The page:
Aircraft strengthen cooling effect of clouds

Contrails provide better reflectivity

Vapor trails on airplanes do not change much when the sky is clear, but when clouds are already there. © Contrail / CC-by-sa 2.5
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White veils with far-reaching effects: contrails of aircraft could have a hitherto neglected impact on the climate - and a positive one. As researchers report in the journal Nature Communications, in the presence of the stripes, the proportion of solar radiation that certain clouds can reflect increases significantly. This reinforces their cooling effect for the earth.

Clouds play a significant role in the climate. Depending on the nature and height, they reflect a not inconsiderable part of the incident solar radiation - and thus work during the day as a cooling screen for the earth. On the other hand, clouds influence how much thermal radiation the earth can send back into space. They therefore also have a greenhouse effect.

Whether the airy structures of the finest water droplets or ice crystals in the net result, the warming or cooling the climate, depends mainly on their so-called optical thickness. The thicker and lighter a cloud is, the more sunlight it reflects - and airplanes, of all places, can positively influence this cooling effect, say scientists around Matthias Tesche from the University of Stockholm.

Many planes are the same lighter clouds

Researchers have studied how contrails created by air traffic affect cirrus clouds in the atmosphere. Using sophisticated laser techniques and satellite observations, they analyzed the properties of these high-altitude ice clouds. They compared clouds in the area of ​​the much frequented flight routes between the west coast of the USA and Hawaii with clouds outside of these routes.

The results showed that where many aircraft were traveling, cirrus clouds had a significantly greater optical thickness. Say: They were brighter and had more reflexive power than clouds beyond the large air traffic. On average, their ability to reflect sunlight increased by an impressive 22 percent. display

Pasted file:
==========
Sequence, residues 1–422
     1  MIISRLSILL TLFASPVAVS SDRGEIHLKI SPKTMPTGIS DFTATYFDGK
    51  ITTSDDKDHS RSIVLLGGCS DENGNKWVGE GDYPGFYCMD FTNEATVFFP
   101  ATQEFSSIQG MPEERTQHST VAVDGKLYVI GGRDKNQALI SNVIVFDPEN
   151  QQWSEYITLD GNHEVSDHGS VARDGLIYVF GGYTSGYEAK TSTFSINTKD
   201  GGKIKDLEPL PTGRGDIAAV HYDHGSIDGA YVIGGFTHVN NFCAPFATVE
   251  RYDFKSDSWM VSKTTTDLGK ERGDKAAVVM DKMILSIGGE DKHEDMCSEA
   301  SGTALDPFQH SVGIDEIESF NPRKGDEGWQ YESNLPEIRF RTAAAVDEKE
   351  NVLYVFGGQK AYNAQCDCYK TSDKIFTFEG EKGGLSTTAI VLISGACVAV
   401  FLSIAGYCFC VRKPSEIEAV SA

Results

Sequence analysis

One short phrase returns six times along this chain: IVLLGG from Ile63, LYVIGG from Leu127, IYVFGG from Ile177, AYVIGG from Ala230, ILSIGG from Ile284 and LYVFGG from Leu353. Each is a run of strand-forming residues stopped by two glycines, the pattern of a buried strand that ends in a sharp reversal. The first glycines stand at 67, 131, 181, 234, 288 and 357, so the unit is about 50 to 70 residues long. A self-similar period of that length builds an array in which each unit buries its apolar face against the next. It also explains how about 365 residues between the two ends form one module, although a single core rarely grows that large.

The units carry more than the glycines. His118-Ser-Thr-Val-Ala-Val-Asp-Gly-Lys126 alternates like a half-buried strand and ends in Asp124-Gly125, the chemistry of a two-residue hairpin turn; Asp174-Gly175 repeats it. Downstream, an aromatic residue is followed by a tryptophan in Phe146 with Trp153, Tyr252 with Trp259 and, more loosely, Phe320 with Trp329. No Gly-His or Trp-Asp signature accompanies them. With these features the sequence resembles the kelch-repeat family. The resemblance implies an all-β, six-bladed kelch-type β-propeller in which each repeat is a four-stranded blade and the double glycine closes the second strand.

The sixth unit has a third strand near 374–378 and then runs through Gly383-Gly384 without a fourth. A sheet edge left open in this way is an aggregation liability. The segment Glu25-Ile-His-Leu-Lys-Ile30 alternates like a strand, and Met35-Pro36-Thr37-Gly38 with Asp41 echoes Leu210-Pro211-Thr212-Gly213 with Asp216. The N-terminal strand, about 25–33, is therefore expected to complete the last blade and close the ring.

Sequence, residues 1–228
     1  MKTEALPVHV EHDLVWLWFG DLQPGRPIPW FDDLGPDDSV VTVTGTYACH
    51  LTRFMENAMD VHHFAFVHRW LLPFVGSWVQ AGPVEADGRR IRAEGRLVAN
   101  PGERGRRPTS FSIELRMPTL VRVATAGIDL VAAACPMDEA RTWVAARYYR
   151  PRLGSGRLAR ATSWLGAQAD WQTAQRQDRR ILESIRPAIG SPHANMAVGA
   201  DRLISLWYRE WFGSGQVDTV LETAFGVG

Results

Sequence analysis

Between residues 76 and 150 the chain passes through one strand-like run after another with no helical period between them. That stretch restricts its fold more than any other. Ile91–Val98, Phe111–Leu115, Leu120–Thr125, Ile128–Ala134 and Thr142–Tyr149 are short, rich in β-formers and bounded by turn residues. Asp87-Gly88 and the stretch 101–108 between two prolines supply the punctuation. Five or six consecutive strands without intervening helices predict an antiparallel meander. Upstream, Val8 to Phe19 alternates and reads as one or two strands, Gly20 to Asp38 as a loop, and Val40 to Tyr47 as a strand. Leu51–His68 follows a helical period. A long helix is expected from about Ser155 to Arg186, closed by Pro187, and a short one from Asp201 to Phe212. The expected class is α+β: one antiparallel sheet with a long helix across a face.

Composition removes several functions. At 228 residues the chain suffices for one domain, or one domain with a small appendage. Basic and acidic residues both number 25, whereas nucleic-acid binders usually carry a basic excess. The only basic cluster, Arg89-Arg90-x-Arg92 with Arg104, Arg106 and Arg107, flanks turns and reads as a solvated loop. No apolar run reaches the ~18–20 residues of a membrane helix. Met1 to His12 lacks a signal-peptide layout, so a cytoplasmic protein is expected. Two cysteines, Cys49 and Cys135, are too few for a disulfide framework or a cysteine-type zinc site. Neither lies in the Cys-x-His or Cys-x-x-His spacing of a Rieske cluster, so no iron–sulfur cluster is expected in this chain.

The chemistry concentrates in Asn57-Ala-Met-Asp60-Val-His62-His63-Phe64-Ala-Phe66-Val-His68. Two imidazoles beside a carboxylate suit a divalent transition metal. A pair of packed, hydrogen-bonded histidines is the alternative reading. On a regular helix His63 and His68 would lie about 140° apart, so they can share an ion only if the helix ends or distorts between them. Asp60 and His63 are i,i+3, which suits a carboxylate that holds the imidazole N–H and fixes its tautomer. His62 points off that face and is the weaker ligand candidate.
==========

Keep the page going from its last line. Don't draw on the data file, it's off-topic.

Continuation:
Aircraft trace (gray background) in a cloudy region over the Pacific. The colored dots indicate the optical density. T Matthias Tesche

How does the phenomenon come about?

However, Tesche and his colleagues can only speculate how exactly this effect is achieved. In a cloudless sky, the contrails themselves have rather a minor effect on the climate. However, possibly the smallest particles of soot emitted by the aircraft together with the cloud vapor could provide an explanation. They could act as condensation nuclei that stimulate the growth of the clouds.

However, further studies are needed to understand the mechanisms behind this phenomenon. However, one thing they think is certain: "Apart from the harmful CO2 emissions, air traffic is likely to have another important impact on the climate, " they write. This contribution made by the contrails should be considered in more detail in the future. (Nature Communications, 2016; doi: 10.1038 / ncomms12016)

(Stockholm University, 22.06.2016 - DAL)